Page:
Sunday, July 19, 2009

The sign-off of another broadcast day...

Val Croll Tursi and Sam Pisciotta interviews conducted July 2009.



In 1965, Jim Croll was the station manager of KOAA-TV in Pueblo. As was the practice during the early days of television, the local NBC affiliate signed-off at midnight with a standard "end of the broadcast day" announcement, followed by the national anthem. A test pattern would then appear, until the start of the next broadcast day, at 6:00 a.m. While the ritual worked fine for almost every station in the country, Croll had another idea – sign-off the station with an original song.

“Jim Croll asked my father if he would write a song for the television station to use during their sign-off every evening,” said Sam Pisciotta. “My father told me he spent several days writing the song, and then Jim’s wife Valerie wrote the lyrics.”

His father, Sam Pisciotta, a prominent local businessman known as “Captain Sam,” was the owner of the Family Athletic Club for more than forty years.

“The song was performed by Stan Burk, an opera singer at the Mario’s of Aspen restaurant, in Denver,” said Val Croll Tursi. “Unfortunately the accompaniment used for the low budget project was an accordion.”


Listen to Pueblo - Stan Burk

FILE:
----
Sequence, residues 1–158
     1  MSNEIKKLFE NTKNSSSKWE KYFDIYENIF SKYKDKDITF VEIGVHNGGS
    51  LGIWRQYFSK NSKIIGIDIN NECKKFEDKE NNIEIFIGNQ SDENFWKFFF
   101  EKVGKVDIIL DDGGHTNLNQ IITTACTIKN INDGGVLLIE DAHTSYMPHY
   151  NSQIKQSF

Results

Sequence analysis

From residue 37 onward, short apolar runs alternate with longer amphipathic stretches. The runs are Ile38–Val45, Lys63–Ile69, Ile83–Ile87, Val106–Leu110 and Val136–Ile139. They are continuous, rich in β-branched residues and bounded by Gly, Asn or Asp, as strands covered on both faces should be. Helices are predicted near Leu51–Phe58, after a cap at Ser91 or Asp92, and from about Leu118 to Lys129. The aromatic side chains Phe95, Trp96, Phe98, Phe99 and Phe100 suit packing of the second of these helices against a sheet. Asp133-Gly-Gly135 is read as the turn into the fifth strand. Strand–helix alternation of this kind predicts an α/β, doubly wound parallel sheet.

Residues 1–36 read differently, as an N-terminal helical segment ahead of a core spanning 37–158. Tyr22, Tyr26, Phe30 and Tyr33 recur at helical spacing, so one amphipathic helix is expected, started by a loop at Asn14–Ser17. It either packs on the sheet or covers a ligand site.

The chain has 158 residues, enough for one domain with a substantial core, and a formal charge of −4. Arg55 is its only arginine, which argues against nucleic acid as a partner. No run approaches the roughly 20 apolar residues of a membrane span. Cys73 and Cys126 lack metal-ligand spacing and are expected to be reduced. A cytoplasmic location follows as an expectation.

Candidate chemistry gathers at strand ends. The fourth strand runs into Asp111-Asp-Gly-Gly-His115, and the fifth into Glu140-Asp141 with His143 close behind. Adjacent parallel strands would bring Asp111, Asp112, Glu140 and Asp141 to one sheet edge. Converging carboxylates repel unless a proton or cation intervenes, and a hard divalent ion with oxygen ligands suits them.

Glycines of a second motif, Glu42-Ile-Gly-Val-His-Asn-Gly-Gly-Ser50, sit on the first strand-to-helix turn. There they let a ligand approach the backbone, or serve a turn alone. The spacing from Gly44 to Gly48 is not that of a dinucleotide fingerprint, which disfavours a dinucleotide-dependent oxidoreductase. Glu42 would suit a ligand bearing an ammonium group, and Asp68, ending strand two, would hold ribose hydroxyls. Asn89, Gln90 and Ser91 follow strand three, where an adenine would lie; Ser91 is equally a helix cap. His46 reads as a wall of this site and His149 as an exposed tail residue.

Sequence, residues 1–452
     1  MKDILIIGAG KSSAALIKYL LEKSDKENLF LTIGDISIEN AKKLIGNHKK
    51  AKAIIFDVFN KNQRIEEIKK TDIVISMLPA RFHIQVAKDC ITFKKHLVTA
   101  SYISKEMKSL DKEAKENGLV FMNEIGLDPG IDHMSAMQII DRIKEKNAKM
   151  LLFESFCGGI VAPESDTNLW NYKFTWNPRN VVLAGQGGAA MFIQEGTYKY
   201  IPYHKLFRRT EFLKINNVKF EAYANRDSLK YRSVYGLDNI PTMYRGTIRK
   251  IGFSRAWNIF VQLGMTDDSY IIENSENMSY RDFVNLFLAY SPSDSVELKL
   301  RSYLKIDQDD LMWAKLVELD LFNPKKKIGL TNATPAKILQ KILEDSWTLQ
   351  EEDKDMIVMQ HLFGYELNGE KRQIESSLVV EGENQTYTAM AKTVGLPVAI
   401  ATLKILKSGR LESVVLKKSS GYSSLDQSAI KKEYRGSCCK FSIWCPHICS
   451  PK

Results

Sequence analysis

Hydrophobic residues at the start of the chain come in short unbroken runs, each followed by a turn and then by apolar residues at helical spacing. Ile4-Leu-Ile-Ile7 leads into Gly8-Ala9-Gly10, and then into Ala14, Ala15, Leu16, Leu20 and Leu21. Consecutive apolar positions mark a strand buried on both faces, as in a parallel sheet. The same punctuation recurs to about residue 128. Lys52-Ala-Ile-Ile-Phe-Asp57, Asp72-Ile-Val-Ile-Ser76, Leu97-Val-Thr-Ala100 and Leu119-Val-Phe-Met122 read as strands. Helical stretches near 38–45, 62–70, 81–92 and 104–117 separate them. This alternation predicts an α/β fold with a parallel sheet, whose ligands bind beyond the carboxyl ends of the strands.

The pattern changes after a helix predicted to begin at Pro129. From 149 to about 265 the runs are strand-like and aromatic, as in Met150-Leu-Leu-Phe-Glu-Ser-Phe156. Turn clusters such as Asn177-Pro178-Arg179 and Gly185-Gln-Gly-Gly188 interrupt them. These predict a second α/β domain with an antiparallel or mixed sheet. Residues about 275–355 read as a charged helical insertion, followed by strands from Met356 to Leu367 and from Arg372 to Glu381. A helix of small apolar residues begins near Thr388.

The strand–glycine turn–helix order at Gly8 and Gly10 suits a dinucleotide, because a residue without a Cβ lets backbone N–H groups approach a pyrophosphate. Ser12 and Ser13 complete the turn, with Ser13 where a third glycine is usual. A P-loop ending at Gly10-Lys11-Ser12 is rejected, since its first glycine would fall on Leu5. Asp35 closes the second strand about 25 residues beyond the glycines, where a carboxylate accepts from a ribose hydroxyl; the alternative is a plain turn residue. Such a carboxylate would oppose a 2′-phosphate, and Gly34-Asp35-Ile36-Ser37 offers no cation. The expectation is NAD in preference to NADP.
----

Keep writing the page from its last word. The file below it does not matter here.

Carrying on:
As the President of the Pueblo Chamber of Commerce, Croll saw an opportunity to press a record of the song, and sell copies as a limited edition local collectible.

“The record was sold at the Crown Discount Store, which was then on the corner of 4th and Elizabeth,” Val Croll Tursi said. “I can't recall how many were printed, but there are not many in circulation, so probably under 100.”

The song was played for years at the end of KOAA-TV’s daily programming. Gerhard Track (the youngest conductor of the Vienna Chamber Orchestra, and the long time conductor of the Pueblo Symphony Orchestra) later orchestrated the piece for the Pueblo Symphony and conducted the song during a chorale performance in the 1970s.

“The (Stan Burk) recording is not nearly as impressive as the chorale groups,” Val Croll Tursi said.


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